DECATUR, Ala. (WHNT) – An Alabama Marine Police report of the boating accident Tuesday on the Tennessee River that claimed the life of an elderly Athens man states there was no visible warning of a downed TVA power line in the water.
A bass boat carrying two men, Gary Thacker and Anthony Szozda, both of Athens, struck the downed line at approximately 5:30PM, as the men were preparing to take part in a weekly fishing tournament. Thacker, who was piloting the boat, was physically unharmed. Szozda died after the line struck him in the neck and head causing massive bodily injury.
The report, filed by Alabama Marine Police Officer Larry Adams, and released to WHNT
News 19 by Marine Police officials in Montgomery Thursday afternoon, states the non-energized TVA high voltage transmission line fell into the river at approximately 2:40PM, almost three hours before the fatal accident, as construction workers were installing new lines across the river between Browns Ferry Nuclear Power Plant in Limestone County, and an area in Morgan County near Nucor Steel in Decatur. The report indicates the river is about 1.25 miles wide at that point.
TVA officials met with reporters Wednesday afternoon in Huntsville to discuss the incident and said the agency was conducting an internal investigation to determine exactly what happened to cause the line to fall into the water, and what happened during the next three hours following the mishap before the boat struck the downed line.
TVA’s Vice President of Operations, Justin Maierhofer, told reporters the rigging used to drag the new line across the river malfunctioned, dropping the electric line into the river. Marine Police confirm TVA workers contacted the U.S. Coast Guard to inform them of the situation, and state the Coast Guard did broadcast a radio warning to boaters. In fact, the Coast Guard closed a portion of the river to commercial traffic between the Decatur railroad bridge and Wheeler Lock and Dam.
However, the overwhelming majority of small fishing boats, along with many pleasure craft that use the Tennessee River daily, do not carry marine radios and their operators could not have known of the danger posed by the downed line.
Adams’ report says Thacker said “no one was blocking the river, and the line was completely unmarked, with no markings in the water,” to warn boaters of the danger. The report says two TVA boats containing “flag crews” were operating in the area. Maierhofer says one of the boats unsuccessfully attempted to signal Thacker of the construction activities. However, another TVA spokesperson told reporters the two boats were primarily in the water to assist with efforts to retrieve the power line although, she says, the operators did manage to warn a number of other boaters of the danger.
Adams’ report says when investigators inspected the area at 7:45PM, more than two hours after the fatal accident, there were still “no water buoy markings, as well as no markings on the power line.”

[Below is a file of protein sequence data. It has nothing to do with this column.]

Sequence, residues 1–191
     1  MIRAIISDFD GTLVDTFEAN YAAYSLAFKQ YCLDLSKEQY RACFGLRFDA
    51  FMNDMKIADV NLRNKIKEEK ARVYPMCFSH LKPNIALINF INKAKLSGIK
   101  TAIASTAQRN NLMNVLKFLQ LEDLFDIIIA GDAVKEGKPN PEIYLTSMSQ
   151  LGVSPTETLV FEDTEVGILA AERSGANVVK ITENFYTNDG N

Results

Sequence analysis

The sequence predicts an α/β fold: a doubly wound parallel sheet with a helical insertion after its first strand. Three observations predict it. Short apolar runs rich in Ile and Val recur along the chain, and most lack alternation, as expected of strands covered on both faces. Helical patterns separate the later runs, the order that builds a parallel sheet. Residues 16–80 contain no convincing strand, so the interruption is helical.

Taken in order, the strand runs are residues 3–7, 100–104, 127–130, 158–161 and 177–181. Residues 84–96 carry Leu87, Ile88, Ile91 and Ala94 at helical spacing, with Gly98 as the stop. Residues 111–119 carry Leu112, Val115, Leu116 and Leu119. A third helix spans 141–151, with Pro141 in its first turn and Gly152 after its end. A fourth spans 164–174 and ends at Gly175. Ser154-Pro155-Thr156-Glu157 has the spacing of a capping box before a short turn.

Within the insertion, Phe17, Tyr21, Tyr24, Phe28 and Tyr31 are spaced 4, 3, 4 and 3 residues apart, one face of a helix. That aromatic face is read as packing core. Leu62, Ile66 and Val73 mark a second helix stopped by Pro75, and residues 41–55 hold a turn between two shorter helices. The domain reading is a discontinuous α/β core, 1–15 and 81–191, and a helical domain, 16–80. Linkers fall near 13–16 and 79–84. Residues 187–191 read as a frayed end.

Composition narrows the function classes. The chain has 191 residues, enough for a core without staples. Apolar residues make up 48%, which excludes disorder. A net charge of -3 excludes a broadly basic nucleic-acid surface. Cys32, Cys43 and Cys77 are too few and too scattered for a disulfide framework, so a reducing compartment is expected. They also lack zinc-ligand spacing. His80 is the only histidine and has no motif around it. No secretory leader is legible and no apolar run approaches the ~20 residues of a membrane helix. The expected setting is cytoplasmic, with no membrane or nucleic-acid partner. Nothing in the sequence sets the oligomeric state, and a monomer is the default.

WHNT News 19 visited the site Wednesday afternoon and observed low hanging lines that stretched completely across the river. They were not hanging low enough to pose any risk to boaters on the river, however, with the possible exception of taller commercial vessels. Construction activity was still underway on the Morgan County side, however a Morgan County Sheriff’s Deputy was stationed at the work site and explained TVA wanted no one in the area. Reporters were turned back and were not allowed to photograph the work, even from a distance behind where the deputy had stationed his patrol car blocking access to the area.
The full text of Adams’ summary from the Alabama Marine Police report is posted below:
“On 30 July 2013, crews from TVA were working on non-powered electrical lines (new line) that stretched across the Tennessee River from Cow Ford Landing to Independence Tube (river mile marker 297.5). This area of the river is approximately 1 1/4 (1.25) miles wide. At approximately 1440, a line fell unexpectantly into the water. The TVA crew notified the US Coast Guard, who sent out a warning on marine radios. The river was shut down to commercial traffic from the Decatur Rail Road Bridge to Wheeler Lock and Dam. Two TVA boats containing “flag-crews” were operating in the area mentioned above (from Cow Ford Landing to Independence Tube, approximately 1 1/4 mile wide, containing three marked river channels and two boat launch ramps.). The water in this area is deep enough that recreational boats (fishing) can operate from bank to bank without regards to the marked channel. From 1440 until approximately 1730, crews worked on raising the line back up. At approximately 1730, as the line was being raised above the water, a bass boat, driven by Gary Thacker, struck the line from the bow area at approximately 50-70 mph. Initial impact was on the front seat pedestal, then the line struck the passenger, Anthony Szozda, above the shoulders in the neck area, almost decapitating him. The line struck the operator above the head, removing his headgear. The line then struck the rear seat pedestal, and then finally struck the “pole anchor” located at the stern of the vessel. No structural damage was visible to the boat hull. The boat, like most fishing and pleasure boats, did not contain a marine radio. Mr. Thacker (operator) reported no one was blocking the river, and the line was completely unmarked, with no markings in the water to warn him of the line. An inspection of the area at approximately 1945, revealed no water buoy markings, as well as no markings on the power line. Mr. Thacker was later instructed by the TVA crew (who contacted 911 by phone) to drive his boat back to Ingalls Harbor. Decatur PD and the Morgan County Coroner met Thacker at the Harbor and pronounced the passenger, Szozda, deceased at 1810.”